I was watching this video on the MIX site where Gary Hamel, in conversation with James Franklin of Dell, talked about how he believes Social Media will change organisations. One of his main focus points was in strategy development where he suggest that there will be more “bottom up“ rather than “top down” development.
A follow up comment suggested that Social Media was just about “gaming the system” and cast doubt on the value of “bottom up” developments driven by Social Media.
It’s a debate worth unpacking a bit as to take it on face value you have two very opposed irreconcilable views. One embraces Social Media and the change it could bring about and the other seems to suggest there is very little value in the application of Social Media as a tool for insight. Indeed, if left unchallenged, it could call into question the validity of crowdsourcing, one of the promised opportunities emanating from Social Media.
I will do the unpacking – at least from my perspective – over two posts: one will deal with the more conceptual aspects, and the second will deal with some more specific and practical considerations for crowdsourcing.
So – first up I would defend Gary on the basis that he is, I think, tapping into a very important point that is often overlooked in much of the buzz around Social Media. It is all to easy to be seduced into believing that Social Media is defined by the applications. Twitter, Facebook, You Tube to name a few get a great deal of coverage, not least as a result of the vast sums these brands are now said to be worth, and many think these are what constitute Social Media.
But this is a mistake. The important thing about Social Media is that it is an attitude of mind, a sensibility, a movement and behavioural change that challenges long held assumptions. Of course it is technical change that has enabled us to finally unleash these new attitudes as participants, but the applications themselves that currently underpin it will come and go. What will remain is the mind set.
That mind set is very much about engaging, participating, sharing and contributing with partners, clients, customers, stakeholders, friends. It has encouraged a sense of empowerment for both individuals and collectives, and it has emboldened the sense of value to each voice and a sense of a right to be heard.
In a business context that has quite profound implications. These participants, be they collaborators, suppliers, customers, clients have a voice with broad reach that is not mediated by the organisation. As a result the organisation – if it is to respond positively and seek value in this – must adjust long held assumptions about the nature of that engagement, and this applies to internally facing matters just as much as it does to externally facing. At the very least they must learn to listen more effectively.
Gary Hamel recognises that this presents opportunities when properly handled and draws on, what I will refer to, as distributed cognition rather than the wisdom of crowds – and so taking a lead from Dave Snowden on this.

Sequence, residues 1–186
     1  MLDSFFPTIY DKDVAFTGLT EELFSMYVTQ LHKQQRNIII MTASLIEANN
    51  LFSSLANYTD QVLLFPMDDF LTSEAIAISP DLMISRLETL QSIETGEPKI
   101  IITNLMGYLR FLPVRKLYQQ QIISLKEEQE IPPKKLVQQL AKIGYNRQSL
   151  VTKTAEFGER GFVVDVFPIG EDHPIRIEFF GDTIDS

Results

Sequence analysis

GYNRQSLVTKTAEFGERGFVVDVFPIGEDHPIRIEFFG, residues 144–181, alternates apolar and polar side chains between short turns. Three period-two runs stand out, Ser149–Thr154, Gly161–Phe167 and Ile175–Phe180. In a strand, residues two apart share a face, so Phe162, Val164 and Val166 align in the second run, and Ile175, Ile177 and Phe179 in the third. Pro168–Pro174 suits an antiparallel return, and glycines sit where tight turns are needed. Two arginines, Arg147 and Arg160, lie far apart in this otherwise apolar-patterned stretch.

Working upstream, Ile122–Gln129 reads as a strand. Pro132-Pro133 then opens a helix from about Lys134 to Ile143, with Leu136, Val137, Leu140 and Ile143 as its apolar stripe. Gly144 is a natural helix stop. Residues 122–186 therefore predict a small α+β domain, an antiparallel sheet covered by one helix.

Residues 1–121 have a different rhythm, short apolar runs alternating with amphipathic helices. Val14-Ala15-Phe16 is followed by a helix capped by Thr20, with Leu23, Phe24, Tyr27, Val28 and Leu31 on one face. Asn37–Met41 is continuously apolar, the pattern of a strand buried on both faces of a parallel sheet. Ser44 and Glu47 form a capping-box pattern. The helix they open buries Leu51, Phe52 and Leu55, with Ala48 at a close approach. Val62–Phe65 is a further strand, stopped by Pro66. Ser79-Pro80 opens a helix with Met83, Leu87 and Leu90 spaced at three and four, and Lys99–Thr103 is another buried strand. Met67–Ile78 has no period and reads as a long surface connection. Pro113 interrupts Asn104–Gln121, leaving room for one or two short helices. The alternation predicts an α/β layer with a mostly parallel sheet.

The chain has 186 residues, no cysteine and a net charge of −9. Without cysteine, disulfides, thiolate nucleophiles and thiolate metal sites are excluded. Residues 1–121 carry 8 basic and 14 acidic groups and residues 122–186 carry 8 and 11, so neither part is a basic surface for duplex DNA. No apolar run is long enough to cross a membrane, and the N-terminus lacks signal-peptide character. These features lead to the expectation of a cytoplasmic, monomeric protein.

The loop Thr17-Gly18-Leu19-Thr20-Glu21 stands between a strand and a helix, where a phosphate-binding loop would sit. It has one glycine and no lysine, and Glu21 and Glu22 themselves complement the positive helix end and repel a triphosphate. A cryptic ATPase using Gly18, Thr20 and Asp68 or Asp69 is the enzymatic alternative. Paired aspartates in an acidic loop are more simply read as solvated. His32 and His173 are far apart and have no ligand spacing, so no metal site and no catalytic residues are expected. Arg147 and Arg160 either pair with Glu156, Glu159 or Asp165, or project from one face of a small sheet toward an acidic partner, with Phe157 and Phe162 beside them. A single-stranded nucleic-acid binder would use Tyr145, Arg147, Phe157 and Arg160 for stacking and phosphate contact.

The wisdom of crowds can have something of a pejorative connotation – as exemplified by the response to Gary’s post. For those not familiar with it, the idea is that if a crowd is asked a question – for example how many sweets are in a jar – when their individual answers are plotted typically a bell curve will develop with the correct answer usually somewhere in the middle. This is intended to demonstrate the collective wisdom, judgment, insight and heuristics that when aggregated can provide relatively reliable answers. For it to work, however, certain conditions have to be met not least that each has to judge independently without influence and without knowledge of the other guesses.
As the respondent to Gary Hamel’s piece points out this is not the case in Social Media as most would typically understand it. It’s a good point. Certainly there is plenty of historical evidence that the agent provocateur can rapidly turn the wisdom of crowds into mob rule and we have seen reports recently that certain military and intelligence agencies are endeavouring to develop tools that can manipulate multiple social media applications simultaneously so as to create a groundswell of sentiment so skew or influence the collective mood of Social Media channels. This is something of an indictment of the tools themselves or at least how they are deployed. So it is entirely fair to say that simplistic applications of Social Media tools will not yield the returns that an intelligent approach to harnessing the Social Media mindset can.
But to me this does not challenge the validity of Gary’s basic argument. He is not arguing, or at least I don’t think he is, for mob democracy in strategy development. I think he is arguing for the harnessing, intelligently, of the Social Media mindset for better strategy development. That is not the unthinking adoption of every suggestion from the floor. One outcome will be more bottom up development and potentially flatter organisations – I feel another blog post coming on here.
And so it is with all Social Media campaigns. Too often I come across organisations that begin an unthinking deployment of Twitter or Facebook believing it will yield instant returns, only to relent at leisure the ever increasing resource required for no perceived return.
A strategy is necessary – and that is where twintangibles comes in of course.
In the next post we will look at what this better understanding of the wisdom of crowds means for innovation through crowdsourcing.